COVID-19 Fund to Retain Early-Career Scientists Program
Request for Applications (Second Call)
The Stanford Medicine COVID-19 Fund to Retain Early-Career Scientists Program requests applications for supplemental research funding to support early-career faculty whose research productivity has been impacted by COVID-related caregiving responsibilities.
With funding from the Doris Duke Charitable Foundation, Rita Allen Foundation, and Stanford School of Medicine, the overall aim of this program is to provide “extra hands” support for early-career faculty whose research career trajectory has been disproportionally impacted by COVID-related caregiving burden. Building upon our extant programs at Stanford, all awardees will also be supported by tailored mentoring, career coaching, professional development, grant development, networking resources, and biostatistical support. The long-term goal is to increase the support for, and retention of, outstanding early-career faculty who are conducting high-impact research while also burdened with significant caregiving demands as a result of the COVID-19 pandemic. The Co-Directors of the Program are Dr. Ruth O’Hara, Senior Associate Dean for Research in the School of Medicine and Dr. Linda Boxer, Vice Dean of the School of Medicine.
Complete application guidelines and the online application are available here. You do not need to submit your application via your RPM.
- School of Medicine assistant professors and new associate professors (within their first year of appointment) with UTL, UML, NTLR, or CE appointments. CE PI Waivers are not required for this program.
- Funding from the Doris Duke Charitable Foundation and Rita Allen Foundation will support physician scientists who devote at least 50% of their effort to clinical research, while funding from Stanford School of Medicine will support early-career faculty engaged in research across the basic, translational, and clinical research spectrum.
- Compelling need for “extra hands” supplements that would boost productivity in light of increased pandemic-related caregiving. Caregiving is defined broadly as childcare, partner care, eldercare, caring for those with COVID-19 and/or other compelling instances of caregiving responsibilities.
- Must have an extant intra or extramural career development award or research project grant with annual direct costs sufficient to provide both research and salary support.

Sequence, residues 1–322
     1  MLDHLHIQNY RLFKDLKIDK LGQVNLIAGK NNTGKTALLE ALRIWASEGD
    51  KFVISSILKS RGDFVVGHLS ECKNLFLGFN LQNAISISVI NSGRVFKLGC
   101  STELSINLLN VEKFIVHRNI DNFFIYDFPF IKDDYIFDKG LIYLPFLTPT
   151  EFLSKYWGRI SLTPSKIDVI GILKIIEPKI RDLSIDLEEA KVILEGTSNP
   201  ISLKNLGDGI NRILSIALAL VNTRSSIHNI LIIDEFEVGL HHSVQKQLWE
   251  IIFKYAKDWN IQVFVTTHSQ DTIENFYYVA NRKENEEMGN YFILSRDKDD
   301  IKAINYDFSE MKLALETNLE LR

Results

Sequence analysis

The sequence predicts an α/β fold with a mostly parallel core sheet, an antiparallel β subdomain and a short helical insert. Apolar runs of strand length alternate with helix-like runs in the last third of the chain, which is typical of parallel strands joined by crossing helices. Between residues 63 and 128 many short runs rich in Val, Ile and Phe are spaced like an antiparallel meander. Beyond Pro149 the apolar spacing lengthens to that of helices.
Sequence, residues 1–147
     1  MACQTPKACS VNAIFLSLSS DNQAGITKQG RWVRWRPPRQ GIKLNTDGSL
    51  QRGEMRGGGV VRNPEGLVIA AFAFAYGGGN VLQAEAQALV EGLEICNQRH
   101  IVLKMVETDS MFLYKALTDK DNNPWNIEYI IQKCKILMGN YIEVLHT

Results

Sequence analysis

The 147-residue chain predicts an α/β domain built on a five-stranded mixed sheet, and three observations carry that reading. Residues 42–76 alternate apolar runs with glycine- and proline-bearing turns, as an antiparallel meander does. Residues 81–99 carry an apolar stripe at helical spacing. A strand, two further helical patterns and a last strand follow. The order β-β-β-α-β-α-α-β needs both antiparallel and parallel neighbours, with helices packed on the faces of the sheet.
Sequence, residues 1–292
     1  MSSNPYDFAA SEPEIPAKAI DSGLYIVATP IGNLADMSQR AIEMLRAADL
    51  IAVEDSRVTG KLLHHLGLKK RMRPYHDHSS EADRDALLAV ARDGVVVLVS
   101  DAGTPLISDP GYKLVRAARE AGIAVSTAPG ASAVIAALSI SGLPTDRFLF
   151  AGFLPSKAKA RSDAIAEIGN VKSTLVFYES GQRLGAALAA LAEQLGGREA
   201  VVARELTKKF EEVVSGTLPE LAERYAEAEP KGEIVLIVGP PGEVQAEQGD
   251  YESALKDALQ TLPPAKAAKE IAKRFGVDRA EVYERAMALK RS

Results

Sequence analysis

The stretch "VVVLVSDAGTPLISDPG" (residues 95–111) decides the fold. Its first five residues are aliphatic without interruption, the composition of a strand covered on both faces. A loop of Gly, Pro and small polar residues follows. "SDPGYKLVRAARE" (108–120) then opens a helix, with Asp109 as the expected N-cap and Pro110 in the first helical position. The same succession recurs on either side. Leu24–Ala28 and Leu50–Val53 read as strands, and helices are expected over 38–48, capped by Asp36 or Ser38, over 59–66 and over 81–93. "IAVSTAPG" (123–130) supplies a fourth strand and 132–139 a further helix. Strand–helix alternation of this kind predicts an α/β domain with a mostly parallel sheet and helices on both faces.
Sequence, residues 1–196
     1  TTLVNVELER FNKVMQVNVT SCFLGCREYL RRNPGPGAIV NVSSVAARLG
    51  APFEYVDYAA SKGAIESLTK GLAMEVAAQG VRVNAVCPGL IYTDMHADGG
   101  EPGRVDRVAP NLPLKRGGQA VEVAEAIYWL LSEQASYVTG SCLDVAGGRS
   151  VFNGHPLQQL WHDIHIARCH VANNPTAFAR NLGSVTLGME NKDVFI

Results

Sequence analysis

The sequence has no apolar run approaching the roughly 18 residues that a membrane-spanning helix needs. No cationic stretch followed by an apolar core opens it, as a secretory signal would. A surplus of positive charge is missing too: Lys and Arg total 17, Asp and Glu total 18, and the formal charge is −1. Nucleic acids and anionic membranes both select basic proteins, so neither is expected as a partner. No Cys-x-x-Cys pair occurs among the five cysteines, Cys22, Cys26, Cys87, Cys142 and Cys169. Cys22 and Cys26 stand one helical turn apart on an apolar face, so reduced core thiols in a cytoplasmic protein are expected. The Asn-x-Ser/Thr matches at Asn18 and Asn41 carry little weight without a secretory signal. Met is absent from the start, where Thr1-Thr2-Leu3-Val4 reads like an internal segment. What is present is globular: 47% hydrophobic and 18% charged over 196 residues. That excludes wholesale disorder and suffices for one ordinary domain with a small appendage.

- The Grant cannot be used to support experiments that utilize non-human animals, or any tissues derived from them.
- No part of the Grant may be used to support any research involving human subjects that does not have the IRB approval or determination.
- All clinical trials supported in part or in full by the Grant must be registered in a public registry of clinical trials, such as www.clinicaltrials.gov.
Definition of Clinical Research
For this Program, clinical research is defined as the scientific investigation of the etiology, prevention, diagnosis, or treatment of human disease using human subjects, human populations or materials of human origin. Included in the definition are studies that utilize tissues or pathogens only if they can be linked to a patient.
- We expect to award 8 to 10 research supplements in FY2023.
- Research supplements will be between $35,000-$50,000 depending on need and will have a duration of one year.
- Funding must be used to support “extra hands” (Admin Support, Research Associate/Technician, Clinical Research Coordinator, etc.) effort, grant writing support, or buy out of required clinical time so that more time can be spent on research. Because recipients are expected to have a main research grant, research costs, such as supplies, travel, sequencing, core facility costs, are not allowable costs. The Supplemental funds may not be used for childcare or other family caregiving costs directly.
Application Due Date
Friday November 25th, 2022 at 5:00 PM Pacific Time. No late applications will be accepted. Awards selection will be announced in December.
Pooneh Fouladi, Program Administrator, Office of the Senior Associate Dean for Research